Without wives, men flounder in wrongness

Until I was married, I didn’t know when I was wrong.

I needed someone in my life to tell me what to do. To tell me if that shirt goes with those pants. To inform me of what foods I like and which I despise.

(I still think she had it backward when it came to beets and Boston cream doughnuts. I’m positive that it was the beets that were yucky and that Boston creams do wonders for my mood.)

Now that I’m a widower, I have no one to tell me where I’m going wrong. I am a free-range disturbance one doughnut away from disaster.

Check my closet — some of my shirts hang with the front facing right, and others face left.

“You can’t do that,” Terry cried. “How do you expect to know which direction to take a shirt off a hanger if you don’t hang it the right way?”

“Like this.” I deftly de-hangered a shirt and shrugged into it.

“Really? That shirt with those pants?”

I shrugged out the shirt. So many lessons.

Did you know you must button specific buttons for a shirt to hang properly? If I recall correctly, it’s the second and the fifth. I always used the collar button until I was informed I was wrong.

Now that I once again live alone, and can’t remember exactly which way shirts face and which buttons to button, I’ve solved the problem. I drape my shirts over the back of a chair. Or drop them on the floor.

It’s like that old joke: If a man says something in the forest, and his wife isn’t there to hear him, is he still wrong? Apparently, yes.

I should have caught on before we were married and I learned that our wedding colors would be periwinkle and sunflower.



I looked. “Oh, blue and yellow!”

“No, no, no. Periwinkle is NOT blue. And sunflower is a very specific shade of yellow.”

It all had me muttering the “The Man’s Prayer” from “The Red Green Show”: “I’m a man, but I can change, if I have to, I guess.”

I tried to learn. Really, I did. I patted myself on the back for buying wheat bread. She says I crave healthy; I bought healthy.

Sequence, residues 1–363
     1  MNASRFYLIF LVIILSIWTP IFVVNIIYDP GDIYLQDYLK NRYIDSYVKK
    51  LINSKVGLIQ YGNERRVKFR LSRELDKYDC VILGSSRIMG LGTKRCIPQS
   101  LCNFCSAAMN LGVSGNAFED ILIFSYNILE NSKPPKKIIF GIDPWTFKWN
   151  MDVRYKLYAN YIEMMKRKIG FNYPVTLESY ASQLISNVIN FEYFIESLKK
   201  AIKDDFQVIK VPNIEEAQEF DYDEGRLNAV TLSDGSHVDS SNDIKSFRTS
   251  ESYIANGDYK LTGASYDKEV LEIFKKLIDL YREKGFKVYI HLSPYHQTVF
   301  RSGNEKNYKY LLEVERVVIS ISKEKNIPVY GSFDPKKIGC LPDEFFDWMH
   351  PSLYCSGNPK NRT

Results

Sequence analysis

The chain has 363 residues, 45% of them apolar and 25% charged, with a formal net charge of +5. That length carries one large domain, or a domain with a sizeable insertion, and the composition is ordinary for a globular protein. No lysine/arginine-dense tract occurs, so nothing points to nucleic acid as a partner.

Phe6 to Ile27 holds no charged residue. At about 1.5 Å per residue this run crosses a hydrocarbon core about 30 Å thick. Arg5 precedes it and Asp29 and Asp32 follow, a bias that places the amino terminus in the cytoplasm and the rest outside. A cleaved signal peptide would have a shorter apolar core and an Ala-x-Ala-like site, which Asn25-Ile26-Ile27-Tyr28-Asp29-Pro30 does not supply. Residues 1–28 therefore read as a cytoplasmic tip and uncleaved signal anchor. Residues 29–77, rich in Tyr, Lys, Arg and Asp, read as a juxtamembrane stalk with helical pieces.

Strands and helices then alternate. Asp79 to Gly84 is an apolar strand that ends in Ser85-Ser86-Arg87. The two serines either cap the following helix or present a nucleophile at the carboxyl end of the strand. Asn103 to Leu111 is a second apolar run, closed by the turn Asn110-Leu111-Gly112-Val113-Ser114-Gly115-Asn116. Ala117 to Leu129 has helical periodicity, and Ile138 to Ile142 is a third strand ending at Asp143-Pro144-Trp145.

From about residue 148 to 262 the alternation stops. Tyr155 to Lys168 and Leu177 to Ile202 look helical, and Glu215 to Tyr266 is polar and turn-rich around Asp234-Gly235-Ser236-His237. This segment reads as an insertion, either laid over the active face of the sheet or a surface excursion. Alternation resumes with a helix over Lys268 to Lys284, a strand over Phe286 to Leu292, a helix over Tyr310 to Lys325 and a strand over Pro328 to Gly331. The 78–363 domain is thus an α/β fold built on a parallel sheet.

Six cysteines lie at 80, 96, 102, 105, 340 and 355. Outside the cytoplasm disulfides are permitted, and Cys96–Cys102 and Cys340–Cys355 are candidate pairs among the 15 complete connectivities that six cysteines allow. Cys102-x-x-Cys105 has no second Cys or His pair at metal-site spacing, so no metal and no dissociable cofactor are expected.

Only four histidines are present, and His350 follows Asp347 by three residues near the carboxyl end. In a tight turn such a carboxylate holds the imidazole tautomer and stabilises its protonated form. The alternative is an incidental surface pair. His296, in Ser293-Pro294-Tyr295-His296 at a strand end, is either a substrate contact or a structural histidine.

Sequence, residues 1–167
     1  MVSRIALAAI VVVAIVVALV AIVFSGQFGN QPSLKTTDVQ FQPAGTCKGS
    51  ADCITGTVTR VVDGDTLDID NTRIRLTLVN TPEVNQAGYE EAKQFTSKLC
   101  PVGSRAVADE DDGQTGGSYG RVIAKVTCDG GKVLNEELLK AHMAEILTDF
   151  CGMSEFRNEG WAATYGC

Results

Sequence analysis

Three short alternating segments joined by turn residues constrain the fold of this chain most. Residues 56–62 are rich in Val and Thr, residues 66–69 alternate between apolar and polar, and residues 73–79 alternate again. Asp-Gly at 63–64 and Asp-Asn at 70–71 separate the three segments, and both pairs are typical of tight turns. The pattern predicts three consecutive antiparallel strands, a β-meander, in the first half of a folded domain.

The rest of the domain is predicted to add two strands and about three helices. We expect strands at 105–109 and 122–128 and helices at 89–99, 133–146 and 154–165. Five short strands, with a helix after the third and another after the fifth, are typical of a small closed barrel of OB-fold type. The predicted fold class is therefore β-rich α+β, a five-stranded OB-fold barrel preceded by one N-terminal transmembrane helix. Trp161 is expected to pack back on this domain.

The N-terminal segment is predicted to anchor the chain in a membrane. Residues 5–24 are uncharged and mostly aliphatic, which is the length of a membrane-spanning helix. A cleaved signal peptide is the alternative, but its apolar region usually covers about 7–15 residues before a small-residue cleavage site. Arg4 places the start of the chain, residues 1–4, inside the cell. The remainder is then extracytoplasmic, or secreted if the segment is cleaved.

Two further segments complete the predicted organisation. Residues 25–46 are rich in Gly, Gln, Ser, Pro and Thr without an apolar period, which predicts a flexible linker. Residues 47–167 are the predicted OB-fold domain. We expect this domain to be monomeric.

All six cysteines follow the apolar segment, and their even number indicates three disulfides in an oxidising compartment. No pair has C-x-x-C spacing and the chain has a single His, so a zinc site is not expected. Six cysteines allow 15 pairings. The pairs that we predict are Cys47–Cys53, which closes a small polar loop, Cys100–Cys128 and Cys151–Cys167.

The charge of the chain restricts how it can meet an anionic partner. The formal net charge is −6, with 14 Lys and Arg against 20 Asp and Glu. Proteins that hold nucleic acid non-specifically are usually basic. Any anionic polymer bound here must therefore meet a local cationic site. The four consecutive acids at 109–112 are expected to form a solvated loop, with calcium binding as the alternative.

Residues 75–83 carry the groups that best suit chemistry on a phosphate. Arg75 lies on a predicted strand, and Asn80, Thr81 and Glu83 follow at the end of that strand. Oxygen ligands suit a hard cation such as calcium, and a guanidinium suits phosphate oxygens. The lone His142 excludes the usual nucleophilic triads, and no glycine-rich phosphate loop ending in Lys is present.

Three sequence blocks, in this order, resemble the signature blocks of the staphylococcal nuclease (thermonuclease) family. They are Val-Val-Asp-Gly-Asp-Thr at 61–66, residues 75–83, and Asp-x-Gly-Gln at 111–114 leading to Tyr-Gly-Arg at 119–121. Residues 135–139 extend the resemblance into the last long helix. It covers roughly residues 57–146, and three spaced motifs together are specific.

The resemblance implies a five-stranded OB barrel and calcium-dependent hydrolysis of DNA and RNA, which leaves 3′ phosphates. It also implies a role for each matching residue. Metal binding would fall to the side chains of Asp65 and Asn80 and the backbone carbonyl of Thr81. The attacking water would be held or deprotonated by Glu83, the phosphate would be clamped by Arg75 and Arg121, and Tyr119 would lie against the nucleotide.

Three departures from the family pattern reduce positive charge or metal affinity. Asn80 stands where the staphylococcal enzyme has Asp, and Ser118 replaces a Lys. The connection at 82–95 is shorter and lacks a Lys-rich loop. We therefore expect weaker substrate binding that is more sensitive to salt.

Until that moment, I had no clue that there was fake whole wheat bread.

“That stuff is just white bread colored brown,” she said. “You might as well buy plain old white bread.”

My next mistake was to interpret that as permission to buy the loaf I wanted in the first place.

It turns out that what I wanted — even if I failed to realize it — was million-grains-and-seeds bread, a brown substance peppered with all manner of grit and gravel baked in.

I taught myself this next trick: If you layer the peanut butter about a quarter of an inch thick, and bury it under enough strawberry preserves, you almost don’t notice all those stupid healthy grains and seeds lodging between your teeth.

I also taught myself to fix my sandwiches in the garage, where I was less likely to get caught learning my own lessons.

Nine months have passed since Terry tried to civilize me. I feel myself sliding back into my previous primitive state.

I barely wash dishes or do laundry more than a couple of times a month. My bread comes in brown paper bags with a side of fries. And if I say the sky is blue, I don’t mean cornflower, turquoise, aquamarine or even periwinkle. It’s just blue. Period.

I might be wrong, but who’s to say? A man without a wife is a free-range disturbance one doughnut away from disaster.

Cole would give almost anything to hear one more lecture from Terry on how to hang his shirts. Fill the void. Send instructions to burton.w.cole@gmail.com or on the Burton W. Cole page on Facebook.


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